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Anna is becoming lost in the loneliness of her own world when she discovers she can visit another, a house she has drawn herself and occupied by a young disabled boy. But as she discovers ... See full summary »
The car that Rhys Ifans (Mr Nice) uses during the scene where the police pull his vehicle apart clearly uses a number plate font that was not introduced in Britain until 2001. Prior to this letters had more width and the same hight as the current standard. See more »
A dealer is really just someone who buys more dope than he can smoke. And I have to say, I'm ashamed, I tried to smoke it all. There was just too fuckin' much of it.
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The credits appear over a super slow motion shot of Howard Marks (Rhys Ifans) lighting and taking a toke from a joint. See more »
The Review: I spent four years at University in Bath, getting a degree and starting to develop my love of movies. While I was there, I came into contact with two things for the first time in my life: drugs, and the Welsh. Not a combination that I, or indeed anyone else, would necessarily put together, but that combination was responsible for one of the biggest drug trafficking rings ever seen in this country, or indeed any other. That Welshness was contributed fairly effectively by one man, Howard Marks, described by the Daily Mail as "the most sophisticated drugs baron of all time." Not that you'd know that from watching Mr. Nice. Rhys Ifans comes across as a fairly reasonable approximation of the man himself, and this is the story of his passage from the small coal-mining village where he grew up to Oxford, and the pronounced influence that had on his future direction. Despite becoming a big fan of recreational drugs, if Mr. Nice is to be believed Marks fell into his career almost by accident, just happening to be in either the right or wrong place at the appropriate time. Slowly but surely, he expands his influence and his reach, and every time an opportunity comes up, he takes it.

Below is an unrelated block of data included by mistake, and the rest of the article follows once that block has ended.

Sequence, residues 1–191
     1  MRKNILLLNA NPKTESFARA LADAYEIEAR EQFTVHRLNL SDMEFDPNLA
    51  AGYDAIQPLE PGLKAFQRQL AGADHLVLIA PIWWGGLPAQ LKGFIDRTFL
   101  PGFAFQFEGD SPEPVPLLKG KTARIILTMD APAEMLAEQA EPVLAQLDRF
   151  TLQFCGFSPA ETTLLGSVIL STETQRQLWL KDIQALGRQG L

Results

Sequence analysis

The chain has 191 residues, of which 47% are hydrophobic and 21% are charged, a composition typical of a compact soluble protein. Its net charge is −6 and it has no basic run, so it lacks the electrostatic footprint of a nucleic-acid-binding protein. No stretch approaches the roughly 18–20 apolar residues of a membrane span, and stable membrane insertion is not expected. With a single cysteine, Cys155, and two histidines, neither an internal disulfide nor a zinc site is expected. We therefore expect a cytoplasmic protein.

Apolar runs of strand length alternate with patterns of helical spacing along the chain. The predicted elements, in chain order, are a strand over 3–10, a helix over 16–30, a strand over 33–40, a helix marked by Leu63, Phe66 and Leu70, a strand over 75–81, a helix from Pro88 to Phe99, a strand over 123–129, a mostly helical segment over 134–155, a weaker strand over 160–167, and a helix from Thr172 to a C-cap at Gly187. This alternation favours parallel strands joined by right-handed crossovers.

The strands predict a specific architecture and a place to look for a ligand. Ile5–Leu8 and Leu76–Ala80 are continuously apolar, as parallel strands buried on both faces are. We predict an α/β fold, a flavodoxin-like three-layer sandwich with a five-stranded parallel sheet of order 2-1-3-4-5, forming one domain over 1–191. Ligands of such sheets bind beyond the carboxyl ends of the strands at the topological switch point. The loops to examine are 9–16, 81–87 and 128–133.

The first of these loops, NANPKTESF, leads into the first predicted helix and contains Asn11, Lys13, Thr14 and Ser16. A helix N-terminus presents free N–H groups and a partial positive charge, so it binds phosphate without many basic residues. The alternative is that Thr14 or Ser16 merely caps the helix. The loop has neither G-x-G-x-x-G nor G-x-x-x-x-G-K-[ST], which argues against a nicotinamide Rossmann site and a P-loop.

In order to get what he needs, he begins to rope in a motley crew of accomplices, and ends up getting involved with the IRA (a manic David Thewlis) and eventually even expands into the Americas (via a bearded Crispin Glover), despite the protestations of his wife (Chloe Sevigny), seemingly the only person who can appreciate the potential cost of the risks that Howard's taking. Through the course of this, don't expect deep insights into why Marks is doing what he's doing, or passionate arguments for the legalisation of recreational drugs those are only implied in the sense that this really isn't Trainspotting, and the downsides of Howard's habits are the run-ins with the law that he had, not from what he or any others ended up taking.
But freed from the weight of those expectations, this is an enjoyable romp. Bernard Rose has both adapted the screenplay and directed his direction is unshowy, but there are little stylised touches (inserting Ifans into stock historical footage) and the occasional impressive image, but by and large he lets the story do the talking. Thewlis probably gets to have the most fun, raging around with his accent, while the only slight weak link is Sevigny, the accent wavering just occasionally and the performance also slightly shaky. There's nothing shaky about anyone else, though, they're all too tripped out on the material, so just sit back, revel in the absurdities of the story (all true, as long as you believe Marks), and have a good time, man.
Why see it at the cinema: There's a few shots, such as a car crash, that will benefit from the big screen, but by and large you'd be here more for the company than the impact of the visuals.
The Score: 7/10
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